The most alarming statistic Sir Ken Robinson provides is from a study on divergent thinking published in Breakpoint and Beyond. Divergent thinking is the ability to think of many answers to a specific problem… this is the first step to problem solving… before we get analytical and make THE BEST decision (this latter process if where business education focuses today). 98% of 1500 kindergartners scored at the genius level for divergent thinking. Their scores went down as they progressed in the education system.

What examples have you seen of successful education reform? What programs are creating vibrant students who are making a difference in the world?

Related:

Popularity: 37% [?]

 

Warm-ups

20 Oct

Before heading into the studio to attempt any ‘serious’ art work, I often need to warm up by drawing something in my sketchbook.

These little drawings are typically unrelated to any project at hand.  Working at home, I tend to draw the nearest dog.  I find this exercise to be an amazing warm up to thinking clearly.  It’s like meditation, only without so much tedium.  But what if you work in a more traditional office environment?  This exercise can still be a valuable one, provided you have on hand some simple drawing tools and ‘objects de art’ that you find interesting.  These can take the form of found items from nature, or an interesting coffee mug or pen that you like the look of.  It can really be anything.

Place your chosen object on your desk, not too far from view and open your sketchbook.  Now spend a few minutes looking at the object.  Pick it up and find your favorite angle of it.  Can you identify simple shapes in the object that might simplify it at first glance, such as circles, triangles, rectangles, etc?  Now, without too much thought, pick up a pen or pencil and without looking too closely at your paper and keeping your eye mostly on the object, begin making a line drawing that traces these broad shapes.  Try to get a basic outline and then continue to fill in where one shape moves to another.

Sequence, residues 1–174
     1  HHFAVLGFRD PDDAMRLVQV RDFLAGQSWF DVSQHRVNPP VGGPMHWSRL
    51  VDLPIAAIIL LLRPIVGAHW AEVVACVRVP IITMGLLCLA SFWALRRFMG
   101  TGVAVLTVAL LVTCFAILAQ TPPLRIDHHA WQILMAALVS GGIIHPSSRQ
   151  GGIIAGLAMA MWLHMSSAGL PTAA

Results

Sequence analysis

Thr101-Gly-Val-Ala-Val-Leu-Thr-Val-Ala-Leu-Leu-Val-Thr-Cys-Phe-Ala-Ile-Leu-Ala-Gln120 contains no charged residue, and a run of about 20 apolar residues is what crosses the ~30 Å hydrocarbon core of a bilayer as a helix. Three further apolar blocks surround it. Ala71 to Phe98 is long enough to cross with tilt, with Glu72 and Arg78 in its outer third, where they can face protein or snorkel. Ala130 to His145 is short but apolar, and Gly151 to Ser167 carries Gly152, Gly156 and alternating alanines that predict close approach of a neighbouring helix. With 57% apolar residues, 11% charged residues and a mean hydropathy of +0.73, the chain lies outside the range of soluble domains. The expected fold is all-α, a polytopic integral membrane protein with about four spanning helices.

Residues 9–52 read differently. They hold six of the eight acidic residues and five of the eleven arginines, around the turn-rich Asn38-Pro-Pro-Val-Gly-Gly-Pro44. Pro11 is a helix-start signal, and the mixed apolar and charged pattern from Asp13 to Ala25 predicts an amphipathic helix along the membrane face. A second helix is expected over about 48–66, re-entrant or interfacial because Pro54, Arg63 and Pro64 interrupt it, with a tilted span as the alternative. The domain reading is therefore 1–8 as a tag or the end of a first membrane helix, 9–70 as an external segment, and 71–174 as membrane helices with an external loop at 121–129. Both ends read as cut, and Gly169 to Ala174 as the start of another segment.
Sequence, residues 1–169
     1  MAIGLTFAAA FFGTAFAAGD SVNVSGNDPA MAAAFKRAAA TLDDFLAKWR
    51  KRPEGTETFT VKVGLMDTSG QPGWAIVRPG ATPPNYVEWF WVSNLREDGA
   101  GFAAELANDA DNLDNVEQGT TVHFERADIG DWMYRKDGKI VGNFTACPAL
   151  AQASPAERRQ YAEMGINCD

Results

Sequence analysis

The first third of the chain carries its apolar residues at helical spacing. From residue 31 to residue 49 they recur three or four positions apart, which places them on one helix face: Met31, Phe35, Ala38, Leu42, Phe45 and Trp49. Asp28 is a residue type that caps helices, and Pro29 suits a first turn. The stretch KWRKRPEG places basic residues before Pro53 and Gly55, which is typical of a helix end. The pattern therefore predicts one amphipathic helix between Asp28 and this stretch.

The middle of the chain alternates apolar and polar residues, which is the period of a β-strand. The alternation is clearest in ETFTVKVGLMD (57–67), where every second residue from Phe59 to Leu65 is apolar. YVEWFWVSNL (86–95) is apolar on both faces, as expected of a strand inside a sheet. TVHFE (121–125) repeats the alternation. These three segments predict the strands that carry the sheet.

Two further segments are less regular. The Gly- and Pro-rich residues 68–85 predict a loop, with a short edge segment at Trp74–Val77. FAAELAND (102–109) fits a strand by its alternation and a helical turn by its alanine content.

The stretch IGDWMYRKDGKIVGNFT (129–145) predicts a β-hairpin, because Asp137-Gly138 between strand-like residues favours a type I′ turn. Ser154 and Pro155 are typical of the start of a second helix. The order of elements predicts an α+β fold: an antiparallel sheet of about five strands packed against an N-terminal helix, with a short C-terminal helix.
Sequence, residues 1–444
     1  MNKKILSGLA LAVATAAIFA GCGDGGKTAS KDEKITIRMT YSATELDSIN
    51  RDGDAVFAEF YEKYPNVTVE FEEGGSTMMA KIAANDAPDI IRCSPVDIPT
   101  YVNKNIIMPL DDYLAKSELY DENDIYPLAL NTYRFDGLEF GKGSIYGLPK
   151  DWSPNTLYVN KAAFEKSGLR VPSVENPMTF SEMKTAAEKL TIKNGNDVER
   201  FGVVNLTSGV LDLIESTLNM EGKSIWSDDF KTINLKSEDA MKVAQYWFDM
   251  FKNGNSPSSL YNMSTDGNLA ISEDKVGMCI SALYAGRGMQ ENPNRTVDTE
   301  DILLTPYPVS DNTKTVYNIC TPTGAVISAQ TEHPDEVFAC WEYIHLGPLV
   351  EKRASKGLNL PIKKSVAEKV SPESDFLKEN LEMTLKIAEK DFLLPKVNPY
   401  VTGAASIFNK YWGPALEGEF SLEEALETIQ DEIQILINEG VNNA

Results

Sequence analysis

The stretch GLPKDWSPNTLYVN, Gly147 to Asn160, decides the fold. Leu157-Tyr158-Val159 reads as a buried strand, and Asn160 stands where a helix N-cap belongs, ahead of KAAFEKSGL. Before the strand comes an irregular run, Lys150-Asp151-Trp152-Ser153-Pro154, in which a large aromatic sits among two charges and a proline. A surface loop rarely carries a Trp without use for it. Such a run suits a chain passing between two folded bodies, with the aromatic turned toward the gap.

This may feel (and look) ridiculous at first, but it is truly the first step in learning to draw.  You can practice this simple exercise in about 5 minutes, with the same object, each day, and see how it progresses.   You will see progress in what your drawings look like.  But beyond that, you will notice a little something about how you feel as you make these little drawings.  You might find that your mind gets into a different groove and that you are thinking differently.  A little less restless.  You may even find that sometimes great ideas pop into your head as you draw.  Even a simple drawing exercise such as this one can get your mind working in a new way.  Practicing this can be a valuable tool in pushing the boundaries of your normal day to day modus operandi.

Find an object that you find interesting and give sketching it out a try.  Then try it again the following day. Let us know how it goes.

Here are a couple more fossils of mine to inspire….

Related: How changing your perspective changes your results.

Popularity: 15% [?]

 

Where do good ideas come from?

19 Oct

A recent article on Steven Johnson’s new book ‘Where Good Ideas Come From‘ offers support for our practice of ‘paying attention to what you pay attention to,’ something which can only be achieved through journaling.

Steven debunks the myth that ‘Ideas just pop into people’s heads.’ Contradictory to the examples of how an apple hit Newton’s head and lighting struck Benjamin Franklin’s kite, ideas do not arrive in one fell swoop of glory isolated from the rest of our work. There is no muse.